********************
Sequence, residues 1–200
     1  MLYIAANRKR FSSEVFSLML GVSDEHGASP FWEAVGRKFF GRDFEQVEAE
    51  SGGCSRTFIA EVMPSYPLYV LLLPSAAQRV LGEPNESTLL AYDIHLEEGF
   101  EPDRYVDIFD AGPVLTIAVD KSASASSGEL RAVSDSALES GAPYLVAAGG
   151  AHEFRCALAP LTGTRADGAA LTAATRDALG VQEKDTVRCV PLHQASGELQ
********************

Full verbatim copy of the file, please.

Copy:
Sequence, residues 1–200
     1  MLYIAANRKR FSSEVFSLML GVSDEHGASP FWEAVGRKFF GRDFEQVEAE
    51  SGGCSRTFIA EVMPSYPLYV LLLPSAAQRV LGEPNESTLL AYDIHLEEGF
   101  EPDRYVDIFD AGPVLTIAVD KSASASSGEL RAVSDSALES GAPYLVAAGG
   151  AHEFRCALAP LTGTRADGAA LTAATRDALG VQEKDTVRCV PLHQASGELQ